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Arrival walkway at Qingdao, China’s Jiaodong Airport. (Photo: Lei Yan)

Opinion: End of Testing Does Not Mean an End to All Travel Restrictions

With the U.S. government removing pre-departure testing for flights into the country, airlines and tour operators on both sides of the Atlantic are expecting a bumper summer. This comes as great news to businesses and travelers alike as international travel has seen increased demand as countries lift testing and quarantine restrictions.

According to CNN, London saw numbers of airline passengers from the U.S. that ‘nearly reached pre-pandemic levels during the week of the Platinum Jubilee celebrations in early June. This was a week before the lifting of testing restrictions back to the U.S. with the report stating that 2022 will be ‘three seasons in one.’

Though the news of the removal of U.S. pre-departure testing is a positive one that many other countries adopted earlier, there is still a range of restrictions that travelers may face. The need to prove vaccination status is one requirement that a number of destinations impose. To be certain that there will be no impediments to arrival processing the onus is on travelers to ensure that they meet the individual country’s definition of vaccination status.

Some countries require that inbound visitors have received the initial program of vaccinations plus a booster within a specific timeframe. Other countries will accept just the initial dose or doses of specific vaccines while others do not consider vaccination status at all. Proof of status in a specific language or language also needs to be a consideration.

In addition to this, there may be a need to fill out supplemental information for arrival and this can be confusing for some. The U.S. has an ‘Attestation’ requirement and certain countries have an online or paper ‘Passenger Locator Form’ (PLF) each with its own levels of detail.

The management of these requirements has added a significant amount of stress to the traveling experience and a logistical undertaking for airlines.

As someone who has traveled to a number of countries over the last two years the need to keep up-to-date with the needs of each country has been a significant undertaking prior to each trip. On one occasion the rules changed just days before travel which necessitated an adjustment and scramble for local testing.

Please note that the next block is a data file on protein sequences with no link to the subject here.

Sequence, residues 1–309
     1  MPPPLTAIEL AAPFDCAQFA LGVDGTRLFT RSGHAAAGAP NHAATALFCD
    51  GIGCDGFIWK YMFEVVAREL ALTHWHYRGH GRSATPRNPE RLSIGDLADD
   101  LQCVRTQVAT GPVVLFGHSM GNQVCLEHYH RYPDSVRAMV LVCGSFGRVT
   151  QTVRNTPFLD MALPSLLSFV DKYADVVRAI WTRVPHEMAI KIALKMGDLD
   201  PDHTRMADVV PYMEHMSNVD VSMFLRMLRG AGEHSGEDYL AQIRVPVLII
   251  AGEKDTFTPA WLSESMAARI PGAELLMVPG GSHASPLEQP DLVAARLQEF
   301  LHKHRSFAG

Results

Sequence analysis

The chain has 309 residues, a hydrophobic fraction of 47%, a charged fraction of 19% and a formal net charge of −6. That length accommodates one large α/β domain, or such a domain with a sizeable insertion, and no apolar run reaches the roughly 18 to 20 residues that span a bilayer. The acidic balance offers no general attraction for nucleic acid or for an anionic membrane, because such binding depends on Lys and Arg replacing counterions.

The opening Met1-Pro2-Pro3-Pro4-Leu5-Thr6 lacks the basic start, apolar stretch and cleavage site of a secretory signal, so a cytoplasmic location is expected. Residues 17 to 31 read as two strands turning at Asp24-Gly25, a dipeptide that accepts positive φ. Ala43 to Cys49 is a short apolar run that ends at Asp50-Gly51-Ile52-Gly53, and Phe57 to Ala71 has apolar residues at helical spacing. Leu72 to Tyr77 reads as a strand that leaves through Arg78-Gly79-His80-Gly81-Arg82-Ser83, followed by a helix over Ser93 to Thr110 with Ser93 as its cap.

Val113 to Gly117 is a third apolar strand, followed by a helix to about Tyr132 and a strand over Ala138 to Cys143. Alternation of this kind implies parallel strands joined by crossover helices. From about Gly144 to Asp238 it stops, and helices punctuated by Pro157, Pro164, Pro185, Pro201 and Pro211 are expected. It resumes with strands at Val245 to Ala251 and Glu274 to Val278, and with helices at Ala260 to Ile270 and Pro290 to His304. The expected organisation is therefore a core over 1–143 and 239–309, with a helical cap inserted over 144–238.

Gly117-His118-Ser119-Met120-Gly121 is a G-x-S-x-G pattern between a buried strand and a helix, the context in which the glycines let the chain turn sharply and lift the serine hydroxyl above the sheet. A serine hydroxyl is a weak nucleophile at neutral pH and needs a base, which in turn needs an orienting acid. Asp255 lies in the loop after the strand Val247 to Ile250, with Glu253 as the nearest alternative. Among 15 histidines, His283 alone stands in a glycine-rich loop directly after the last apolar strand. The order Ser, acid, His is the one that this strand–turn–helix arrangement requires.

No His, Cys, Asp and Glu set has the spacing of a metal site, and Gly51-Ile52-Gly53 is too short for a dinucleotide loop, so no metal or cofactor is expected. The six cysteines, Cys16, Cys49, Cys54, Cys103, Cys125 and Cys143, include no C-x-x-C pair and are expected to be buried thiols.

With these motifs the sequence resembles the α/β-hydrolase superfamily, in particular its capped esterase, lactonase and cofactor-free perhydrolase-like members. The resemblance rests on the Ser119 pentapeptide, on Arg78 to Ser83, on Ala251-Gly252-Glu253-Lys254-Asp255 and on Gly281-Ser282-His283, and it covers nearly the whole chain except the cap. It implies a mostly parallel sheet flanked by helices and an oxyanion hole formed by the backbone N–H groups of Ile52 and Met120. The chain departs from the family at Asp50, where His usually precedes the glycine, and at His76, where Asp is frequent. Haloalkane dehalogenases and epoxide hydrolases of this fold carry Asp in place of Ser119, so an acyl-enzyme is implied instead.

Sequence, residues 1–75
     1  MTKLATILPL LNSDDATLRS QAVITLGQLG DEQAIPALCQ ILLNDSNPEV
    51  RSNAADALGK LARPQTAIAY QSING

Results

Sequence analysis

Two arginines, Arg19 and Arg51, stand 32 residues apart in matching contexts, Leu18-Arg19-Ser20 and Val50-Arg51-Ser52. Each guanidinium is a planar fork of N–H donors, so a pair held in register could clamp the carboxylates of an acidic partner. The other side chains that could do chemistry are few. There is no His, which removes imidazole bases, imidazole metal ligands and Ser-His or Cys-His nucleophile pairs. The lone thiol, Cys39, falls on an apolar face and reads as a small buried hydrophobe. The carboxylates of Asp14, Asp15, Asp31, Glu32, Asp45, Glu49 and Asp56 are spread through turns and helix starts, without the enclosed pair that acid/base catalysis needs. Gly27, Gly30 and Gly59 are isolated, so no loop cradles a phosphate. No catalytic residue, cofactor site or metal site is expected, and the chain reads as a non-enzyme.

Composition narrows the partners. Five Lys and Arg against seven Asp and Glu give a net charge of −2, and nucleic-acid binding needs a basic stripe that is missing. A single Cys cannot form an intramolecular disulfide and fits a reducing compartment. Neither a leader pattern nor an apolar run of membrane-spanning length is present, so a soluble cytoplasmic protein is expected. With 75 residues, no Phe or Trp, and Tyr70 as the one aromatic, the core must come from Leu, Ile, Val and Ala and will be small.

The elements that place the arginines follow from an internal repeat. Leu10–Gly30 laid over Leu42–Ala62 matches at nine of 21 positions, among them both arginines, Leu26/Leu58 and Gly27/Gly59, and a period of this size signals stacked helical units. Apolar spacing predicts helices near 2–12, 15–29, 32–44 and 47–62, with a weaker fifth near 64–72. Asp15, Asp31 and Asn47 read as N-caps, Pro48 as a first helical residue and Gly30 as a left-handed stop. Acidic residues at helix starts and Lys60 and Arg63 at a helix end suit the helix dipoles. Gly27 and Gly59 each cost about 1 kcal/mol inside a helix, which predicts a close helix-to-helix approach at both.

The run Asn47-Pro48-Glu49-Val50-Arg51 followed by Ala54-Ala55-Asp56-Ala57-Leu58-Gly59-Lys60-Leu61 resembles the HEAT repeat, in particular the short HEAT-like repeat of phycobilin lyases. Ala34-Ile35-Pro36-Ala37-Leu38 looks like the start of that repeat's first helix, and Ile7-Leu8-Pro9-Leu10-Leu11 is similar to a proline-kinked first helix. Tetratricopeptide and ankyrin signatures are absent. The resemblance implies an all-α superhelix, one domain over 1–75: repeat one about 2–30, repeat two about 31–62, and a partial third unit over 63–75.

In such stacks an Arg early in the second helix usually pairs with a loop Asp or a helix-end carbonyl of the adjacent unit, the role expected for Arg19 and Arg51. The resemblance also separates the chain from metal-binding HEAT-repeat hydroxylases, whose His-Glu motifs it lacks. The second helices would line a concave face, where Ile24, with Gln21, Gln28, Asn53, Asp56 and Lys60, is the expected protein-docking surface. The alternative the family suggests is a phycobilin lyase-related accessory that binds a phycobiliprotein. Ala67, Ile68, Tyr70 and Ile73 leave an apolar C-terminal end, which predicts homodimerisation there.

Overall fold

With the need for ‘travel testing’ diminishing around the world, it will become more difficult and potentially more expensive to meet the requirements for those countries that still require a test. As a result, travelers may continue to pass on visiting or seek alternative destinations rather than enduring added time and expense.

An element that frustrates travelers as air travel demand rises is the inconsistency in which the restrictions have been managed. Some airlines have adapted online processes to pre-check the documents of their passengers to minimize check-in times. Others have restricted online check-in in favor of manual checks at the airport contributing to congestion and delays.

One thing has been clear and that is the reliance on technology to assist in facilitating the processing of passengers and the varying travel requirements.  For several countries I visited, it was clear that some of the processes and interactions between airlines and the government requirements were still to be clearly established.

Of course, the situation has been ‘unprecedented’ and aviation has had to respond to changing rules with sometimes minimal notice. From my experiences I have found the frontline staff whether at check-in or customs and immigration have been welcoming and patient. Though the pandemic is certainly not completely over with the lessening of travel restrictions in major tourism markets, it is to be hoped that the learnings from the last two years can be analyzed to create future consistent processes.

Author

  • John Flett

    John has always had a passion for aviation and through a career with Air New Zealand has gained a strong understanding of aviation operations and the strategic nature of the industry. During his career with the airline, John held multiple leadership roles and was involved in projects such as the introduction of both the 777-200 and -300 type aircraft and the development of the IFE for the 777-300. He was also part of a small team who created and published the internal communications magazines for Air New Zealand’s pilots, cabin crew and ground staff balancing a mix of corporate and social content. John is educated to postgraduate level achieving a masters degree with Distinction in Airline and Airport Management. John is currently the course director of an undergraduate commercial pilot training programme at a leading London university. In addition he is contracted as an external instructor for IATA (International Air Transport Association) and a member of the Heathrow Community Fund’s ‘Communities for Tomorrow’ panel.

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